The Sunday Magazine

No one puts their children in a boat unless ...

Somali-British poet Warsan Shire's meditation on what it means to be a refugee.
Syrian refugees walk up a hill as they arrive on a dinghy after crossing from Turkey to Lesbos island, Greece, Friday, Sept. 11, 2015. (Credit: AP Photo/Petros Giannakouris)
"you have to understand,
no one puts their children in a boat
unless the water is safer than the land." 
Somali-British poet Warsan Shire

That line from the poem "Home", by Somali-British poet Warsan Shire, brings home the stark reality of the horrifying decisions refugee parents must make. 

Ms. Shire is 27 years old; she was born in Kenya of Somali parents, and grew up in London, England. In 2013 she was named the city's first Young Poet Laureate. Her debut book, Teaching My Mother How to Give Birth, was published in 2011 by flipped eye publishing.
Yanna McIntosh (The Company Theatre)

The poem is read for The Sunday Edition by Canadian actress Yanna McIntosh.

Here's the poem:

Home, by Warsan Shire 

no one leaves home unless
home is the mouth of a shark.

you only run for the border
when you see the whole city 
running as well.

your neighbours running faster 
than you, the boy you went to school with
who kissed you dizzy behind 
the old tin factory is
holding a gun bigger than his body,
you only leave home
when home won't let you stay.

no one would leave home unless home 
chased you, fire under feet, 
hot blood in your belly.
A group of 300 sub-Saharan Africans during a rescue operation by an Italian Finance Police vessel off the coast of Sicily, May 14, 2015. (Alessandro Bianchi/Reuters)

it's not something you ever thought about 
doing, and so when you did - 
you carried the anthem under your breath,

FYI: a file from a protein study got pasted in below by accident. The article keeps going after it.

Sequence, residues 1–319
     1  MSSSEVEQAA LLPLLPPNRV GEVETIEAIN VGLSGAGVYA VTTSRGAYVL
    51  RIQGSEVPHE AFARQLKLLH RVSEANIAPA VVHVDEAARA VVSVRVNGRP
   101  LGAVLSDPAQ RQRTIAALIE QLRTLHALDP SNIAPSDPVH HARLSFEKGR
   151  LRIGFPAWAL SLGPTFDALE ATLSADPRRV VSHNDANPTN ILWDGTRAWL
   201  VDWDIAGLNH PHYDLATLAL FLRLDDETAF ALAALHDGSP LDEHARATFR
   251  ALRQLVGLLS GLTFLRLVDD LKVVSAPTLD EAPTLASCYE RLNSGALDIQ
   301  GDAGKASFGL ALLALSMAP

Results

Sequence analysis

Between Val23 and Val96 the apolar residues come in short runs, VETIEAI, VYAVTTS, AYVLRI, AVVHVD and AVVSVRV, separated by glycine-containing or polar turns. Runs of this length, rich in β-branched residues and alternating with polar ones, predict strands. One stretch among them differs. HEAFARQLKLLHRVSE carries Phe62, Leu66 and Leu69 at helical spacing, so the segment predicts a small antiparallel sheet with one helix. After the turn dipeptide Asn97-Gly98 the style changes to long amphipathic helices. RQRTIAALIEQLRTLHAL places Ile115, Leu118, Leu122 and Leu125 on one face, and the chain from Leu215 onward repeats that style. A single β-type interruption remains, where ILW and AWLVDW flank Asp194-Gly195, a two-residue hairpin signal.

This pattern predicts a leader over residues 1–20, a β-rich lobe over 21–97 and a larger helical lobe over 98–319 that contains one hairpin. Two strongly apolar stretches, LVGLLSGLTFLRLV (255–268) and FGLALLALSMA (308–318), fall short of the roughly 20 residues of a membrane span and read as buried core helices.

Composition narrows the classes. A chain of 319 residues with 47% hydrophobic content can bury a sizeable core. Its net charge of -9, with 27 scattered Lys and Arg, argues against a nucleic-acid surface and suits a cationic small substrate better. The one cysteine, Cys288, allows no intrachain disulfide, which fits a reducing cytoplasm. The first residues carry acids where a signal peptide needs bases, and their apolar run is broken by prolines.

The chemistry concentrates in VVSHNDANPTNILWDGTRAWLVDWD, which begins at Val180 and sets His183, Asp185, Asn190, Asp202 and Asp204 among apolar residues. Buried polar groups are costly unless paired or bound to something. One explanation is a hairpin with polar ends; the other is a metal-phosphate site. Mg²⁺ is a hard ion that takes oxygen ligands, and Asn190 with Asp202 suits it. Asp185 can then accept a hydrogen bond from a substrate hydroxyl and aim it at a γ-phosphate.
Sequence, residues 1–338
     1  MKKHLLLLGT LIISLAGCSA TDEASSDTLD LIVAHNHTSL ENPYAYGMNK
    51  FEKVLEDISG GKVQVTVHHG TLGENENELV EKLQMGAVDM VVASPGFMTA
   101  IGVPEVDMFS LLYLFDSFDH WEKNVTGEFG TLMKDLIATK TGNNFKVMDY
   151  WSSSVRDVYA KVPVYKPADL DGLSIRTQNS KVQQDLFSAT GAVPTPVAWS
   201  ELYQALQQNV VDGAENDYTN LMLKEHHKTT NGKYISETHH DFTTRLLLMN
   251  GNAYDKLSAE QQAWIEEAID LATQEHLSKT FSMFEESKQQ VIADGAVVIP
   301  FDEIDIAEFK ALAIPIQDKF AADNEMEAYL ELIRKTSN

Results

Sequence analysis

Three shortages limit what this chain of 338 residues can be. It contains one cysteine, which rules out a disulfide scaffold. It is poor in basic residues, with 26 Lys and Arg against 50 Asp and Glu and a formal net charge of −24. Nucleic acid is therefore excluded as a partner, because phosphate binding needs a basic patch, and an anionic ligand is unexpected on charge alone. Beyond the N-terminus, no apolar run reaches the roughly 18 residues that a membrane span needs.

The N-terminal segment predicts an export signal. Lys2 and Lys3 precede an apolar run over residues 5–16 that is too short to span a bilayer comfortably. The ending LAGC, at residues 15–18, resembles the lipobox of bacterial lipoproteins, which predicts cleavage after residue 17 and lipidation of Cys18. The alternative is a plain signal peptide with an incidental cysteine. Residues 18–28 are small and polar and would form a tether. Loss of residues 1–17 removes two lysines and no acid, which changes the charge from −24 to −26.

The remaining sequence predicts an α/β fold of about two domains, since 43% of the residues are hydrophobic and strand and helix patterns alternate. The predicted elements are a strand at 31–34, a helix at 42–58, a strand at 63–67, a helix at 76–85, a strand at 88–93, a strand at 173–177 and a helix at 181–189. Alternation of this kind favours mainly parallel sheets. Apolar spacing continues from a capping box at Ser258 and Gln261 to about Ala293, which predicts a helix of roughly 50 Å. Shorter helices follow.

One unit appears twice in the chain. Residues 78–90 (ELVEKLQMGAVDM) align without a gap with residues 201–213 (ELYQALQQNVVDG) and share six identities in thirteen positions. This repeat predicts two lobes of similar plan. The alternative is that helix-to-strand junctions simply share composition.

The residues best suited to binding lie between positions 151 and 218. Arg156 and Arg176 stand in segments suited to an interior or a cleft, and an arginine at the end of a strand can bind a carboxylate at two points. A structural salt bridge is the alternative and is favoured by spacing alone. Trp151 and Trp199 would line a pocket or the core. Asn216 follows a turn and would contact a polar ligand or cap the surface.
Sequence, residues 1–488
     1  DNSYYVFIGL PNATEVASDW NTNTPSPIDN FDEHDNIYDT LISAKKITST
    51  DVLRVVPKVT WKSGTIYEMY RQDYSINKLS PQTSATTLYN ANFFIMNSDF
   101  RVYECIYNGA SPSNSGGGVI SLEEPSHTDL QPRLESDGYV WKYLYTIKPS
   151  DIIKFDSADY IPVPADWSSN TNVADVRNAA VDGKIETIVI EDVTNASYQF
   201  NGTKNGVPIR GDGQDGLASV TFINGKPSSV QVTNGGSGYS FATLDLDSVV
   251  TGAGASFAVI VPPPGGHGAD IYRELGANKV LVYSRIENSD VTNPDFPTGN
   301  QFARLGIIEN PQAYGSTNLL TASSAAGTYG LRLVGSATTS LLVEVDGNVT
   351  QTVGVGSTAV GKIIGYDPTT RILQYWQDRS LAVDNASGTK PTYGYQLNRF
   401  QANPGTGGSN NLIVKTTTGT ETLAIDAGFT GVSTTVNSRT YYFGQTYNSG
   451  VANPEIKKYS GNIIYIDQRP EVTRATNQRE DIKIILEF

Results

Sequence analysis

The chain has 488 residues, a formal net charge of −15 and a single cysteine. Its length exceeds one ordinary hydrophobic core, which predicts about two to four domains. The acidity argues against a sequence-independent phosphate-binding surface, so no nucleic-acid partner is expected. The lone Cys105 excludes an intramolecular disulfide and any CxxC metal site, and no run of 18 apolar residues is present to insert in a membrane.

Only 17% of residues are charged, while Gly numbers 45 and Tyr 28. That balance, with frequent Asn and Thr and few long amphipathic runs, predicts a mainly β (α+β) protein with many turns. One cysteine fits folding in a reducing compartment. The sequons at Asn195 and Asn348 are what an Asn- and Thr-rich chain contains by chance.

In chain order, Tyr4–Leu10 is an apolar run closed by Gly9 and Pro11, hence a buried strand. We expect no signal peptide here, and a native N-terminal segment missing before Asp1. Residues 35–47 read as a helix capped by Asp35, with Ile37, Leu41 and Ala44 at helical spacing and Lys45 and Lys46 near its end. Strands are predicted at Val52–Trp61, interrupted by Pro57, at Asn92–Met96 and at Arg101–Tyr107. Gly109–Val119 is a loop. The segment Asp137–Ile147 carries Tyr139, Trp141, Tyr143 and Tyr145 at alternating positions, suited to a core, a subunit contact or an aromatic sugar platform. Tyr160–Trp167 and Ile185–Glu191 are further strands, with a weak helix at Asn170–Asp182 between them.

waiting until the airport toilet 
to tear up the passport and swallow, 
each mouthful of paper making it clear that 
you would not be going back.

you have to understand,
no one puts their children in a boat
unless the water is safer than the land.
Migrants hang onto flotation tubes in the sea after jumping from an overloaded wooden boat during a rescue operation 16 kilometres off the coast of Libya. August 6, 2015. (Darrin Zammit Lupi/Reuters)

who would choose to spend days 
and nights in the stomach of a truck
unless the miles travelled
meant something more than journey.

no one would choose to crawl under fences,
be beaten until your shadow leaves you,
raped, then drowned, forced to the bottom of 
the boat because you are darker, be sold, 
starved, shot at the border like a sick animal, 
be pitied, lose your name, lose your family,
make a refugee camp a home for a year or two or ten,
stripped and searched, find prison everywhere
and if you survive
and you are greeted on the other side 
go home blacks, refugees
dirty immigrants, asylum seekers
sucking our country dry of milk,
dark, with their hands out
smell strange, savage -
look what they've done to their own countries,
what will they do to ours?

the dirty looks in the street
softer than a limb torn off,
the indignity of everyday life 
more tender than fourteen men who
look like your father, between
your legs, insults easier to swallow
than rubble, than your child's body
in pieces - for now, forget about pride
your survival is more important.

i want to go home,
but home is the mouth of a shark
home is the barrel of the gun
and no one would leave home
unless home chased you to the shore
unless home tells you to 
leave what you could not behind,
even if it was human.

no one leaves home until home
is a damp voice in your ear saying
leave, run now, i don't know what 
i've become. 


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